So they usually match really well, um, and create like a really serene kind of a design. You see this a ton with blues, cause I mean, let’s face it who doesn’t love blue. Um, and so you’ll see often like blue with violet and Aqua or, you know, Indigo blue and Aqua or Aqua green and turquoise. You know, these things happen all the time. Variations of blues and greens put together. I mean, you see reds and oranges and yellows done as well. Um, but people just tend to like blues a lot. Um, what is really great is that with an analogous color scheme, you can actually put a lot of colors together. Like, I mean, you could do it, it now cause color scheme, that’s pretty much all of the warm hues. And so then you end up with six different pure colors. So you can get a lot of depth from an analogous color scheme, have a riot of color and everything really beautifully meshed together. Um, also if you choose just three, which I also do often you can choose like a primary color, like this is the base color and that’s usually the color I would pick that’s in the middle of the three that you choose. And then your two other colors, the one on each side of it, how that lands on the color wheel will be your support colors. And you get really good pop and support if that makes sense. Um, but really, really pretty.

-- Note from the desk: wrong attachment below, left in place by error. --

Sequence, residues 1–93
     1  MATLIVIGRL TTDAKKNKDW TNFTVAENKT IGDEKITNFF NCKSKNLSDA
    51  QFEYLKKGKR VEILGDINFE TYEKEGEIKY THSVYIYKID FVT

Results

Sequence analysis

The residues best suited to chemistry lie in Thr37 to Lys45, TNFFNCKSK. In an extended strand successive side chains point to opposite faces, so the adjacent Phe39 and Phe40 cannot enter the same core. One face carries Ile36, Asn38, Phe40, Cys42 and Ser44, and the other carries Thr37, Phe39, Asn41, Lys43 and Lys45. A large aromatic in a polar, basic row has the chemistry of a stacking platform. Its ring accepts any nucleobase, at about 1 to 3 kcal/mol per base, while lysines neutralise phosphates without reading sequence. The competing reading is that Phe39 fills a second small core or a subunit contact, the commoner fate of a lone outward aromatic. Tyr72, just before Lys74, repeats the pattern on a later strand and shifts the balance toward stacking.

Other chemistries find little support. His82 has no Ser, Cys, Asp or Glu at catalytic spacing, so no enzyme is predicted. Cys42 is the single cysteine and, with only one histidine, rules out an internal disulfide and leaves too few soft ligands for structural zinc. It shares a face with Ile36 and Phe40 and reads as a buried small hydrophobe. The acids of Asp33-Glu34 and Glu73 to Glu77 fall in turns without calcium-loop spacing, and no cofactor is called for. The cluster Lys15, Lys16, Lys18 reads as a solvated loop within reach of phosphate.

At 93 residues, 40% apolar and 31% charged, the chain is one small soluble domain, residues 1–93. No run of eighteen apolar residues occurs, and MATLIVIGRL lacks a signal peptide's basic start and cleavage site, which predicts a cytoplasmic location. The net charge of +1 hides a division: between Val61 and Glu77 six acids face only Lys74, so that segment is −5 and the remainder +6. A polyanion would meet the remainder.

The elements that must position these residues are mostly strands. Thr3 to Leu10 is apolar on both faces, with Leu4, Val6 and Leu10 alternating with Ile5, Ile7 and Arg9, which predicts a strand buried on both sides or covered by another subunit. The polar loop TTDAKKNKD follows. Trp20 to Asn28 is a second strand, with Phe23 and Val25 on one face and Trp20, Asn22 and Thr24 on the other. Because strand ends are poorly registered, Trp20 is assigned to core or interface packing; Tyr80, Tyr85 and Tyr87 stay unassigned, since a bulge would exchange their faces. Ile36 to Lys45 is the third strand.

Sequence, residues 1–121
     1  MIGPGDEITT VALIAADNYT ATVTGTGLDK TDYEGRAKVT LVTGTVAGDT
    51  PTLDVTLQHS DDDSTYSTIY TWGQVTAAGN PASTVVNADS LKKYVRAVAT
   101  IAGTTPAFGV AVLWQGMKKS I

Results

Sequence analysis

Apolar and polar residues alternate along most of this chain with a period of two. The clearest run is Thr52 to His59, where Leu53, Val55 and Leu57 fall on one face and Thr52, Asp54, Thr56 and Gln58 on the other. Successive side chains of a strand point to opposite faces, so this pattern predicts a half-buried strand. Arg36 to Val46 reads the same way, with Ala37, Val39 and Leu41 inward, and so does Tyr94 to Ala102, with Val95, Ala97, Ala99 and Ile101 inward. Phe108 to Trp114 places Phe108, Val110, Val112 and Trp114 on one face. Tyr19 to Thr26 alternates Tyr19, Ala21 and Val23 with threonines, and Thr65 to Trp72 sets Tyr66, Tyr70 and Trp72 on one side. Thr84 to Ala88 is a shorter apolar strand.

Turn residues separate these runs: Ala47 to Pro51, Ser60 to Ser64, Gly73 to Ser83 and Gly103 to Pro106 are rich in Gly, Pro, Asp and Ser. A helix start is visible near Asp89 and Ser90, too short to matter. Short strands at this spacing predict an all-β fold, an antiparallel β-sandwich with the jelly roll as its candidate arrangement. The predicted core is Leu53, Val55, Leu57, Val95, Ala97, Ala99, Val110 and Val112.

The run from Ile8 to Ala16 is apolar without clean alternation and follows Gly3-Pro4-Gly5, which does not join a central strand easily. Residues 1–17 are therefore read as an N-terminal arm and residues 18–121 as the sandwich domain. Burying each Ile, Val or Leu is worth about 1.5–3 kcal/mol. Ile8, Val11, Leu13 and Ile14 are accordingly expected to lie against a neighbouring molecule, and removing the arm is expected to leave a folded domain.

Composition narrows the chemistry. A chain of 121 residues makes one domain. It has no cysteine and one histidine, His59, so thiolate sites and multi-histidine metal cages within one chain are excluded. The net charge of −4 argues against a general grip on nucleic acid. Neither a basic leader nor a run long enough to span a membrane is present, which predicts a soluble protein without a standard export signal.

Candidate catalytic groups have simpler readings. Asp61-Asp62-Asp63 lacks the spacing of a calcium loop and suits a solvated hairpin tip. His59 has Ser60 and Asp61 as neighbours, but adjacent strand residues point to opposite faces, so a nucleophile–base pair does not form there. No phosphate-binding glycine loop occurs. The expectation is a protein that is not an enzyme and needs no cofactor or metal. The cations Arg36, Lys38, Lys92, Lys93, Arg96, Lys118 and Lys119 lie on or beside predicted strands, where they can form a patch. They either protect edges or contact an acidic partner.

The next one
Color harmony I want to go over is the triadic color scheme. And so this is a scholarship color steam that uses three evenly spaced colors around the color wheel. So, um, Mardi Gras is a really great example of this purple green and orange. Um, they look great together. Your primary colors are also a triadic color scheme. Your secondary colors are also a triadic color scheme.